This Article considers the regulation of international trade in genetically modified agricultural products. Specifically, it addresses both products released into the environment as seeds and products intended for consumption as food. The first part of the Article describes the significance of genetically modified organisms (GMOs) in modem agriculture, especially agriculture in the United States. This discussion summarizes the risks and potential benefits associated with the use of agricultural GMOs, especially the risks and benefits related to biodiversity. The Article then briefly describes the approaches to the regulation of these products adopted in the

Cartagena Protocol to the Convention on Biological Diversity (Protocol). The Protocol basically pursues two different regulatory approaches. The Protocol adopts a regime of Advanced Informed Agreement (AIA) for the transboundary import of genetically modified food products released into the environment. Genetically modified agricultural products intended for consumption as food are subject to a more ambiguous regulatory scheme, which includes a labeling requirement for product shipments.

The next two parts of the Article consider these different regulatory approaches in greater detail. The Article criticizes the details of each of the Protocol's two regulatory regimes. One fault is that the Protocol does not help allocate the burden of proof with respect to the importing nation's decision to accept genetically modified products’ introduction into the environment. The Protocol is incoherent in two respects regarding the regime for the import of genetically modified food products. First, when an importing nation accepts genetically modified products that pose risks to biological diversity, including human health, the Protocol should require a label that identifies the product as genetically modified. Second, the Protocol is flawed because it requires labels for shipments of genetically modified food products even if they pose no identifiable risk to consumers. Generally, however, the Protocol's regime should be lauded because it may provide consumers with the information they need to make informed decisions about the foods they consume.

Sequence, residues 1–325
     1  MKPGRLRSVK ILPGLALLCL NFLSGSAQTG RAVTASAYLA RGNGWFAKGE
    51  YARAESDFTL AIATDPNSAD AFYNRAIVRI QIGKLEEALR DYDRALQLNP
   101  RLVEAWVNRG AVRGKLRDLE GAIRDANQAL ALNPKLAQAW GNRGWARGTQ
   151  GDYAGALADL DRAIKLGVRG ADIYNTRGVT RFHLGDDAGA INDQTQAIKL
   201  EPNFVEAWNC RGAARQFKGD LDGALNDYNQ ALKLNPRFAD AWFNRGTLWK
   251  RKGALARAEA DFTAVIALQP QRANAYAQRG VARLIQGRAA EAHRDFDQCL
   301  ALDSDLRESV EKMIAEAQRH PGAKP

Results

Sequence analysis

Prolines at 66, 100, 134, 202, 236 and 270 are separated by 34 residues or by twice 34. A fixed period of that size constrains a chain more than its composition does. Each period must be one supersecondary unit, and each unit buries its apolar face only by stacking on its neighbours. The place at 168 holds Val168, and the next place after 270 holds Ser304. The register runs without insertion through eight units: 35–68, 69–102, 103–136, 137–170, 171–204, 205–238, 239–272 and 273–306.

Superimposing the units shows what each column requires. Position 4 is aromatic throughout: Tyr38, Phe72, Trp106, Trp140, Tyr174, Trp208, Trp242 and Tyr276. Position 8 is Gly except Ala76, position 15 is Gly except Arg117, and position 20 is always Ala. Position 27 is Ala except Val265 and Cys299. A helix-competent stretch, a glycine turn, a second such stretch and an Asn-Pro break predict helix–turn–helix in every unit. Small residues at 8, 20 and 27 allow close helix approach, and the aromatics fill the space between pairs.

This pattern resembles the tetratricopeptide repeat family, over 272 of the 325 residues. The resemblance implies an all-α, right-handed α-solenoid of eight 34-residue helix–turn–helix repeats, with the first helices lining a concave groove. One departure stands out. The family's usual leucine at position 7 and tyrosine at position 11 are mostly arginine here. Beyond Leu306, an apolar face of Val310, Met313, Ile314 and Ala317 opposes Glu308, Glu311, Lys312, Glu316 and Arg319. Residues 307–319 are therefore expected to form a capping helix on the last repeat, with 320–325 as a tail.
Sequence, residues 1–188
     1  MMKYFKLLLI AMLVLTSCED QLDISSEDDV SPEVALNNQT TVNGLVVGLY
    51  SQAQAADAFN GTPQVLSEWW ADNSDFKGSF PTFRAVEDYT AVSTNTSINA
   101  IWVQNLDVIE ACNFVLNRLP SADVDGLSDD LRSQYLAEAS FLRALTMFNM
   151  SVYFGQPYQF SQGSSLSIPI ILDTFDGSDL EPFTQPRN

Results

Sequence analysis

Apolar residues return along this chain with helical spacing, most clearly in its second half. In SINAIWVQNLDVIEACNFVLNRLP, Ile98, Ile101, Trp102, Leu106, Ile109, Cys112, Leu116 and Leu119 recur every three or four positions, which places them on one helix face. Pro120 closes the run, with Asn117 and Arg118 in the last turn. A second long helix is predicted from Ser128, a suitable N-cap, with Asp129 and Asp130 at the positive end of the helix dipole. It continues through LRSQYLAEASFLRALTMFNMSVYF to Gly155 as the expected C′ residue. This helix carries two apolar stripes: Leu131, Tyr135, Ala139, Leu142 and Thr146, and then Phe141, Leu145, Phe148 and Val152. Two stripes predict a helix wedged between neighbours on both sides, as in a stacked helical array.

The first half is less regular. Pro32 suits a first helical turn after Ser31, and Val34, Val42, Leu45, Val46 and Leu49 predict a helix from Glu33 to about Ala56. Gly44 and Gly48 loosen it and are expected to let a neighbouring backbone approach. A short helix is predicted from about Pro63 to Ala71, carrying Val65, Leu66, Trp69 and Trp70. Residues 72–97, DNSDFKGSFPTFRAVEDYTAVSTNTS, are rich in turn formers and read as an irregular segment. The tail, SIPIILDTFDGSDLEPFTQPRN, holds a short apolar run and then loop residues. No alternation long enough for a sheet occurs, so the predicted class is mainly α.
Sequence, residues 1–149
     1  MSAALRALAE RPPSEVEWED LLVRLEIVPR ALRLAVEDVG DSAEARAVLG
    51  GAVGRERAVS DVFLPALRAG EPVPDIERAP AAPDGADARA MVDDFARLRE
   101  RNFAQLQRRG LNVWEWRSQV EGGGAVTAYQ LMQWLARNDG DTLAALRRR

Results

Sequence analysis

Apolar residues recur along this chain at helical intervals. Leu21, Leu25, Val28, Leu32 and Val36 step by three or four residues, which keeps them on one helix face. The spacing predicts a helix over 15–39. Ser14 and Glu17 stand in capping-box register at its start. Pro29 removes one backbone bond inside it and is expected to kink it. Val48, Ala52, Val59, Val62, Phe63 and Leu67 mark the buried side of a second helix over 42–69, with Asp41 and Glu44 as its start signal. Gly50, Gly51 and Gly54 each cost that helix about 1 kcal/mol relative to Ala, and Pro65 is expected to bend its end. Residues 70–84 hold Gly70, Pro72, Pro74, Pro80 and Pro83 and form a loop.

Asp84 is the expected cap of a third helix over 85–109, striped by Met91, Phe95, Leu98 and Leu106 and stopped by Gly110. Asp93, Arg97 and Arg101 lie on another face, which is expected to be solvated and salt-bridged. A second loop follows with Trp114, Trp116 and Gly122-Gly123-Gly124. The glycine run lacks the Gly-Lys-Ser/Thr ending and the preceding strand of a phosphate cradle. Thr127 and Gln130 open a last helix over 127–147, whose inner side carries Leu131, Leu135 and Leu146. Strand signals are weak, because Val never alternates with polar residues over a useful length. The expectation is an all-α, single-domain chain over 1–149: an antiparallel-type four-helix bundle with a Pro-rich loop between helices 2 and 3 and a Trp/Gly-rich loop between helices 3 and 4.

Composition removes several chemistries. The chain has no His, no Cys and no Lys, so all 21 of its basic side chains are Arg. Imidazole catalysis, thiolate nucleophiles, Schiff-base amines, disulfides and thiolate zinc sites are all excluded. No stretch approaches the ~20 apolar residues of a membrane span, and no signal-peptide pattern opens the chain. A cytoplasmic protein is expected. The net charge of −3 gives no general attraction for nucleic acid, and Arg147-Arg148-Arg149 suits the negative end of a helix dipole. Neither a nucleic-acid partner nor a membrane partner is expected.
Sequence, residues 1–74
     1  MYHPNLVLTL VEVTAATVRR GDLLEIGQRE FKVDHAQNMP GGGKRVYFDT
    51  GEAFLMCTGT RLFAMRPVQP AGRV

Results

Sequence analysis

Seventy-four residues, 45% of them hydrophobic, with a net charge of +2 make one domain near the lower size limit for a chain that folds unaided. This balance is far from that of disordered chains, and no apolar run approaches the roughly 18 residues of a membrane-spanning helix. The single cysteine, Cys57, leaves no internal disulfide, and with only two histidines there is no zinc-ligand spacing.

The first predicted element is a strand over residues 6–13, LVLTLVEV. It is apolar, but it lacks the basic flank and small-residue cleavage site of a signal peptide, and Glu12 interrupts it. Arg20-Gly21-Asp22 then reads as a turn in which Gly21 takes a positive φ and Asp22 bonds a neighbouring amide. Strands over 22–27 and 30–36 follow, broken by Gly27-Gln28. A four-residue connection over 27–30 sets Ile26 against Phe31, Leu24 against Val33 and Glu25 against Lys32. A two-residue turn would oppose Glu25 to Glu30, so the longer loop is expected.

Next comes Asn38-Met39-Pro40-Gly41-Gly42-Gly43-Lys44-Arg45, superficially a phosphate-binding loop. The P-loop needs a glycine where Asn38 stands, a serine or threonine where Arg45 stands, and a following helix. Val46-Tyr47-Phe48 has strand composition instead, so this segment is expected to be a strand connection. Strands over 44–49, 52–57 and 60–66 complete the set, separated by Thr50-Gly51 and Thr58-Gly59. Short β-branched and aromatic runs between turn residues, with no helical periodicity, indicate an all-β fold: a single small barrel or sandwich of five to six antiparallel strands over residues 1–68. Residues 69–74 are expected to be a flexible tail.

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Washington University Journal of Law & Policy, Vol. 9 (2002), pp. 205-243